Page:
“Dear Mr. Strauss: Thank you for your submission, but unfortunately…”
When you are an entrepreneur, you hear the word “no” a lot. The not-so-fictional rejection letter above was just one of scores of similar responses I received for years from publishers back in the day when I was first trying to become a published writer. It took me almost a decade of hearing no before – finally! – that all-important yes came in the mail.
And that then begs the question: How do you deal with no, or maybe even more importantly, how do you turn a no into a yes?
There actually are a lot of ways to turn a no into a yes, but let me first tell you one strategy that I don’t want you to use: Mimicry. There is a school of thought out there that posits that if you subtly mimic someone’s verbiage, body language and the like, that you can therefore subliminally create rapport with that person. Somehow, they are not supposed to notice that you are mimicking them, not be either insulted or feel manipulated by it, and instead will suddenly realize that you just have so much in common that they need to do business with you.
As you gather, I am not a big fan of that strategy because 1) I have never seen it actually work, and 2) it is condescending and shallow.
Instead, here are five ways you really can turn that no into a yes:
1. Get a clue: No does not always mean no. Instead, often, it is just an easier answer than, “I’m not sure” or “I don’t know” or “I am not ready at this moment to give you an answer.”
So your first step is to be able to ascertain whether the no really is just a way to buy some time. Small business owners with whom you deal especially often resort to ‘no’ because it saves time and is simply easier.
I remember one time when I was speaking with a big franchisor about carrying my USA TODAY column on their website and, while they seemed interested, the gentleman eventually said no. But since I knew that they truly were interested, I pressed a bit when normally I would not have – was there something they needed, anything else we could offer? Within five minutes of having this casual, extra conversation, he decided that they really did want to carry the column. They were my clients for the next five years.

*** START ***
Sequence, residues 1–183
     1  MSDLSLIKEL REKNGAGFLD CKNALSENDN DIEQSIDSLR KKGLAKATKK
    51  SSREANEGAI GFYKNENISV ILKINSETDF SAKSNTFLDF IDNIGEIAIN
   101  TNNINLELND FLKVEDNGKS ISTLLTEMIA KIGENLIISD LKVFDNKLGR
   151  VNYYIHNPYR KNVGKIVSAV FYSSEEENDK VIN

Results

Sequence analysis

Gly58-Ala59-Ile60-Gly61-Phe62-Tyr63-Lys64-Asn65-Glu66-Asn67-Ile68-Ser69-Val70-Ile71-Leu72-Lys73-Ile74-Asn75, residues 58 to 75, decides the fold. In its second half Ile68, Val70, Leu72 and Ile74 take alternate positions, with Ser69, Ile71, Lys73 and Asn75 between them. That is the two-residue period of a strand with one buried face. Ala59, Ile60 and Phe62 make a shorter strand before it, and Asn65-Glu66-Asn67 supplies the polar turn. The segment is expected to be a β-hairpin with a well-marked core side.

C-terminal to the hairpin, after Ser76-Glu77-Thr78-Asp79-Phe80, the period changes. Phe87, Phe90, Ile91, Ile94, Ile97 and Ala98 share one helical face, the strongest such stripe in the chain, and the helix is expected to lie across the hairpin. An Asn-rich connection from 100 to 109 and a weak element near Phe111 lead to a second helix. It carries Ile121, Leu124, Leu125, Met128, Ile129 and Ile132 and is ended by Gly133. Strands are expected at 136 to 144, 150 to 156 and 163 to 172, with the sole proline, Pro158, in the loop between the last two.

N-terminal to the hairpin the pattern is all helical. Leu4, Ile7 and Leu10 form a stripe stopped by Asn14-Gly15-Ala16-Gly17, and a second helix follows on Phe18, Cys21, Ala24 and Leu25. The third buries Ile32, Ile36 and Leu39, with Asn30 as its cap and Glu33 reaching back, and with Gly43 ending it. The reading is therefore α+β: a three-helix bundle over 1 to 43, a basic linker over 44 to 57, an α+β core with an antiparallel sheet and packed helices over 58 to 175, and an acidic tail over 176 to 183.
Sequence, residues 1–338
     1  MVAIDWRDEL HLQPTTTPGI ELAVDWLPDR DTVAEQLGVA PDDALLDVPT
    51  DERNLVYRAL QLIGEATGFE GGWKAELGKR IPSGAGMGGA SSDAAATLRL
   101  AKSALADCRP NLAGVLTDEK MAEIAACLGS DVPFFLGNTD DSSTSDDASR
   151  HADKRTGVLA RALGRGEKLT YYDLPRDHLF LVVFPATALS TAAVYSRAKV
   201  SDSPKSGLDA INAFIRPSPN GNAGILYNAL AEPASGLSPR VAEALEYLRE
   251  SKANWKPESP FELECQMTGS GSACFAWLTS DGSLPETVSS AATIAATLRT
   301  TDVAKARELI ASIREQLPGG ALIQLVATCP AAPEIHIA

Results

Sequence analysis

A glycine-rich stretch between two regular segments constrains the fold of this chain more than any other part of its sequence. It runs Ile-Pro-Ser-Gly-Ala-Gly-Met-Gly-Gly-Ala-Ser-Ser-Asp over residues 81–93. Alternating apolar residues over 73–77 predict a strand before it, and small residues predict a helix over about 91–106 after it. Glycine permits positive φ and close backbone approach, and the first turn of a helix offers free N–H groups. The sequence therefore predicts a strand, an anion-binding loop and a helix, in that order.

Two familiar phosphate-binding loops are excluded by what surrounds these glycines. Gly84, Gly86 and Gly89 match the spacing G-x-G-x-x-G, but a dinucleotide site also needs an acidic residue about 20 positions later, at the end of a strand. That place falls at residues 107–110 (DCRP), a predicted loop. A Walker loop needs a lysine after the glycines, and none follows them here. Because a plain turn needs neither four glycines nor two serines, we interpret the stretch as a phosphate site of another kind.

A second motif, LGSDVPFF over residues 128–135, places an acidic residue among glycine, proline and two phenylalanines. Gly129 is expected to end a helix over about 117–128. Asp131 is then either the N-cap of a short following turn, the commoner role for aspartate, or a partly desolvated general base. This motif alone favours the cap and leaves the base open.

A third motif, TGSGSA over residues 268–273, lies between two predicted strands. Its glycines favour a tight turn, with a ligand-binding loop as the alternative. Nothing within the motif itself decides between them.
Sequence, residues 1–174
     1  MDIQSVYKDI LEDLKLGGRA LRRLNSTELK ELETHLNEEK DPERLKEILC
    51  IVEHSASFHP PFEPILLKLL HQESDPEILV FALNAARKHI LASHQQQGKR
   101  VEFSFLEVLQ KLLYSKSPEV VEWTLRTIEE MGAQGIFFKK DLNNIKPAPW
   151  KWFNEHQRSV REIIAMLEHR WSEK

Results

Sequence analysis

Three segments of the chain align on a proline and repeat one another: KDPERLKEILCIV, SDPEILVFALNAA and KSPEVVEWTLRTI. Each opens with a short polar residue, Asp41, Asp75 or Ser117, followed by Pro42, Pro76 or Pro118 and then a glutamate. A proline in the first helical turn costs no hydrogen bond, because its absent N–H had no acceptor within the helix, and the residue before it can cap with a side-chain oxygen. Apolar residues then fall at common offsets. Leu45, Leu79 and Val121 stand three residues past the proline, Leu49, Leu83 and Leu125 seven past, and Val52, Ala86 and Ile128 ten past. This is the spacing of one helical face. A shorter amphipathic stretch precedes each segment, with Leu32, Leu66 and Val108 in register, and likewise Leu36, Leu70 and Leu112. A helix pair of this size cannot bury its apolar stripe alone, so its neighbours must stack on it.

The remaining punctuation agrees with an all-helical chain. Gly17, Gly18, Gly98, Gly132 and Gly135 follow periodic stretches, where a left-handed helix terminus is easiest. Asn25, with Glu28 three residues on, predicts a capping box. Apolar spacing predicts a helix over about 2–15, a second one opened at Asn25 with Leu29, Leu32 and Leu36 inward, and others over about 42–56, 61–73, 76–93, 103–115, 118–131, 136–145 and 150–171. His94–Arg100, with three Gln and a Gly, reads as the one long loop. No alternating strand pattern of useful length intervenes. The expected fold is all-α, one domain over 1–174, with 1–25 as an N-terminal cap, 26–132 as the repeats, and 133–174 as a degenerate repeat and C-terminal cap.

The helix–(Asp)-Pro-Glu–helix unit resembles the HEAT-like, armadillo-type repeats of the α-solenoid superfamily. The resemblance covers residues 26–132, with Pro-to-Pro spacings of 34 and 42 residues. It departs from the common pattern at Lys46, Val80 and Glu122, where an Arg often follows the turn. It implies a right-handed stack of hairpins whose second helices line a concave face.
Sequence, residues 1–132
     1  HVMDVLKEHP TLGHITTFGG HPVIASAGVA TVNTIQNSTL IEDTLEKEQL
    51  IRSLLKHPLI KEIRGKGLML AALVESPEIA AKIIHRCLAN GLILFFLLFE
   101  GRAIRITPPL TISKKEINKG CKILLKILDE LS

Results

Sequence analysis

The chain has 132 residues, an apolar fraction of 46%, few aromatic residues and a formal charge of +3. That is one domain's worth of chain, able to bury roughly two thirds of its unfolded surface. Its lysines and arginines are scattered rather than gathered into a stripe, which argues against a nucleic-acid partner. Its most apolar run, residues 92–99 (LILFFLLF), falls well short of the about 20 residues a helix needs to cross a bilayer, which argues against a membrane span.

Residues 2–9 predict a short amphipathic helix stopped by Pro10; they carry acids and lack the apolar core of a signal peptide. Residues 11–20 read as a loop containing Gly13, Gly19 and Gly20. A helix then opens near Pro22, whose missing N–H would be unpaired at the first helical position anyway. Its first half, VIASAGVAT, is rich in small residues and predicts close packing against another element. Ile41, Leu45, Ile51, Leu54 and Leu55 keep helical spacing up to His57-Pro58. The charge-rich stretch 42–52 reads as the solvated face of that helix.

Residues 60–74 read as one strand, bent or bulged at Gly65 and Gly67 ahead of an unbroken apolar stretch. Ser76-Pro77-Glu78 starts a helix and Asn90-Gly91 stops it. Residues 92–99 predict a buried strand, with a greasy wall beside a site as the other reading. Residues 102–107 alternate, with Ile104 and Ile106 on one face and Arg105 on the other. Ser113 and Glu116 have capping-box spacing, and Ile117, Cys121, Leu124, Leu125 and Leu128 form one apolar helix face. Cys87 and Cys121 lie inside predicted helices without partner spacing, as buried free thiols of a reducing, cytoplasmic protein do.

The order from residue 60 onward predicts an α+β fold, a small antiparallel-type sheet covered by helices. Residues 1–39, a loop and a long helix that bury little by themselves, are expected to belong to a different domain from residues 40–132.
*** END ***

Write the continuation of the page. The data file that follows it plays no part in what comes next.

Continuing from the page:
Lesson: No does not always mean no.
2. It’s not you, it’s me. George Costanza’s famous breakup line is as applicable in business as it was in Seinfeld. If you hear no a lot, too much, it is probably a hint that you are doing something wrong. The challenge then is to zero-in on that that thing is. It could be any number of items:
- Your pitch may be off, or too long, or not detailed enough
- Your product could be too expensive, or maybe too mediocre
- Maybe your offer has no compelling call to action
The best way to figure this out is to share what you are doing with a trusted colleague; don’t try and figure it out in a vacuum because that obviously has not worked given the feedback the market is giving you.
Or what about this: Ask the naysayer why he or she said no. Get some constructive criticism. The important thing is to get some feedback, learn from it, change things up, and get back out there.
3. Deal with the objections: The late, great, sales guru and motivational speaker Zig Ziglar once said this about sales:
Every sale has five basic obstacles: no need, no money, no hurry, no desire, and no trust.
That is a lot of no’s, a lot of potential objections. But, understanding that no may really mean that the prospect is actually worried about some or all of Ziglar’s objections, you are armed with the ability to handle that. If you forthrightly deal with their fears or objections, whatever they may be, then, a no will not be, as Regis Philbin used to say, “their final answer.”
4. Make it better. I saw Jack Canfield speak recently (Chicken Soup for the Soul, etc.). Jack shared a principle that he uses to turn maybe and no’s into yes’s. He calls it “10.” After he gives a pitch or proposal, he asks prospects, “Was my proposal a ten? If not, what would it take to make it a ten for you?”
5. Don’t take it too seriously. Having the right attitude about a no can really go a long way to getting to more yes’s. After all, what is a no except a prelude to the next yes? As they say, smile and dial, smile and dial. As long as you keep throwing stuff against the wall, something is bound to stick.
Always remember that Babe Ruth was not only the homerun king, but also the all-time leader in strikeouts. There’s a good lesson for all of us in that.